Jamea Richmond – Edwards: Prom Night

Kravets Wehby Gallery, New York, United States
17 Oct 2019 - 16 Nov 2019

Jamea Richmond - Edwards,Fly Whips and Fly Girls, 2019. 8x12 ft. Ink, acrylic, colored pencil, fabric, glitter, rhinestones and mixed media. Image courtesy of the artist.

Jamea Richmond – Edwards is pleased to announce Prom Night, a new exhibition taking place at Kravets Wehby Gallery from October 17 – November 16, 2019.

The exhibition will explore the question: Why is prom such a significant rite-of-passage for Black Americana? Richmond-Edwards approaches this coming-of-age ritual as a moment in perpetuity, a portrayal serving as much a marker of life and times of blackness in the 21st century. Richmond-Edwards stages an immortalized appearance of the legacy we will present to the future.
Bearing witness to the elegance and significance of this communal rite-of-passage, Richmond- Edwards’ work incorporates elaborate, intricate layers of paper clothing, retelling the historic impact of black fashion and imagery through one of the most memorable nights of a teenager’s life.

Specific diptychs in the exhibition speak to some of the most memorable moments of prom night and hint to the bilateral perspectives surrounding the event. “Fly Whips and Fly Girls” depicts two decked out prom goers posing against their cars, implying a sense of autonomy. Onlookers cheer from the sideline—referencing the communal aspect of prom. Their home and the night sky is illuminated behind them, and their youthful faces exude pride and confidence in their appearance. Their layered dresses portray the intricacies and significance of this one-night affair. In “Seated Girl on Serpent Thrown with Stink Pink Gators,” a portrait of a young woman on a customary prom throne gives subtle nods to the artist’s Southeastern American heritage. The girl’s pink alligator boots are a marker of the artist’s hometown of Detroit, where they were a fashion staple during the ’80s and ’90s. These presentations of grandeur and beauty are accented by glitter and rhinestones interspersed in mixed-media collages, allowing the subjects to present their eminence regardless of economic or racial stratification.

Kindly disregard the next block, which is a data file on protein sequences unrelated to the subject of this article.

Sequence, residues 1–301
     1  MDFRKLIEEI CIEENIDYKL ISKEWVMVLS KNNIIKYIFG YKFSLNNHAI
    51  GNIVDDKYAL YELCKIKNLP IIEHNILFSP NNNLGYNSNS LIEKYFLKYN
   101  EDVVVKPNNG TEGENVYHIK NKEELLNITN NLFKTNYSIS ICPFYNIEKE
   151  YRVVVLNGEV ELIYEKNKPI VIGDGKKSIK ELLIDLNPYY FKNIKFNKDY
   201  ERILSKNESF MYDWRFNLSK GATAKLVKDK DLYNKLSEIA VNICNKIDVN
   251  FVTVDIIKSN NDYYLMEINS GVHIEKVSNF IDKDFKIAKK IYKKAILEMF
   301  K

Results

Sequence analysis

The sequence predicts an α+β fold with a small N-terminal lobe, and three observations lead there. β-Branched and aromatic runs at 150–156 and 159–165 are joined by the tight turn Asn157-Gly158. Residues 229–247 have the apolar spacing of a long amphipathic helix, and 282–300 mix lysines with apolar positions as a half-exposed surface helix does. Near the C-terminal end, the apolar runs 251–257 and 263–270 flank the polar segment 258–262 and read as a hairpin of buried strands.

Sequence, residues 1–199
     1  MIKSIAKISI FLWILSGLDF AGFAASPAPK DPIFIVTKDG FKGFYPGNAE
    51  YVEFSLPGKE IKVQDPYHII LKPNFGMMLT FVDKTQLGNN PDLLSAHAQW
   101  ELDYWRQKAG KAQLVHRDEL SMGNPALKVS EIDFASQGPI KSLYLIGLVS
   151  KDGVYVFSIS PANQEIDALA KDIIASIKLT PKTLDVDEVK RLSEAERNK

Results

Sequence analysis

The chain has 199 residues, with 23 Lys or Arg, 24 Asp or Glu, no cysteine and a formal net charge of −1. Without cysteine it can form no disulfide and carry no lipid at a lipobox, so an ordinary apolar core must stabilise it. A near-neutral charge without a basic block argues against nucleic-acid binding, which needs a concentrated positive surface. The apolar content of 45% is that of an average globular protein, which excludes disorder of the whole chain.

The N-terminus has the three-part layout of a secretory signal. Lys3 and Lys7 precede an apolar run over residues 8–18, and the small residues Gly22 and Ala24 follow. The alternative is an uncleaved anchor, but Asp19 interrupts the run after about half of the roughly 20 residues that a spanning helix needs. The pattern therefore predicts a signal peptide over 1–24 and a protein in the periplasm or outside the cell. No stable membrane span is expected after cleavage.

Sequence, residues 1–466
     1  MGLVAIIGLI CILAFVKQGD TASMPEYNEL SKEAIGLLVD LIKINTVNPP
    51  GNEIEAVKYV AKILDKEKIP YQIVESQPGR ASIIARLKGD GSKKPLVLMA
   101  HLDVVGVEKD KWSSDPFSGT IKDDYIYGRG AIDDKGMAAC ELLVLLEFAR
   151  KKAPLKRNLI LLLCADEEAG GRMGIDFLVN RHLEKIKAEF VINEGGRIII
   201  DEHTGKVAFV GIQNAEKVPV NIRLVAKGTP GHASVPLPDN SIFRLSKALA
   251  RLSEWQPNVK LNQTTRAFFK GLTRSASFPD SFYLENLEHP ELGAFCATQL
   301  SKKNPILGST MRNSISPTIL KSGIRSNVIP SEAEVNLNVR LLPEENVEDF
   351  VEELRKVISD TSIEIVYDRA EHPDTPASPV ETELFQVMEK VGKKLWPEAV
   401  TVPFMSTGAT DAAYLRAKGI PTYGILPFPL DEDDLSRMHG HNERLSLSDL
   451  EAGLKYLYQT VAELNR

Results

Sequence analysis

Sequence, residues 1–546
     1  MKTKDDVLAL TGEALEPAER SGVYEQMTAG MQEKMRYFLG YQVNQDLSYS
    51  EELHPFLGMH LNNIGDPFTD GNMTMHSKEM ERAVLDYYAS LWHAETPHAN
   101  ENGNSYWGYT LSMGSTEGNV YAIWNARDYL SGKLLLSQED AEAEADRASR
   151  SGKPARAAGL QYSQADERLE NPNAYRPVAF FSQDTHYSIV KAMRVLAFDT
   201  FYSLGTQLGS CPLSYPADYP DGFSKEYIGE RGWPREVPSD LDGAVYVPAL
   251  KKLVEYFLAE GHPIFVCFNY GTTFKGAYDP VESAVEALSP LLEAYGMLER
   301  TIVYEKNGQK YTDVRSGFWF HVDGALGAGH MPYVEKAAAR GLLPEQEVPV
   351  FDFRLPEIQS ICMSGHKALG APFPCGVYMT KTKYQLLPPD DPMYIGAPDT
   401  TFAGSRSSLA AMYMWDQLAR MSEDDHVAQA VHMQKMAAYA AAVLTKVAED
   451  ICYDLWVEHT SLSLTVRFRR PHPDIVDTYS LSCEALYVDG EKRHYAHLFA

Jamea Richmond-Edwards graduated with a Bachelor of Arts degree from Jackson State University in 2004 where she studied painting and drawing. She went on to earn an MFA from Howard University in 2012. She offers a repertoire of portraits of women drawn using ink, graphite and mixed media collage. Richmond-Edward’s work has garnered the attention of various art critics including in the Washington Post and the Huffington Post’s “Black Artists: 30 Contemporary Art Makers Under 40 You Should Know”. Richmond-Edwards has exhibited her artwork nationally and internationally including the Delaware Art Museum, California African American Museum, Charles Wright Museum in Detroit, MI and Galerie Myrtis In Baltimore Maryland. Her works are in the permanent collection of private collectors across the country including the Embassy of the United States in Dakar, Senegal. She currently resides in Maryland with her husband and three sons.


An opening reception will take place on October 17 from 6 to 8 p.m.





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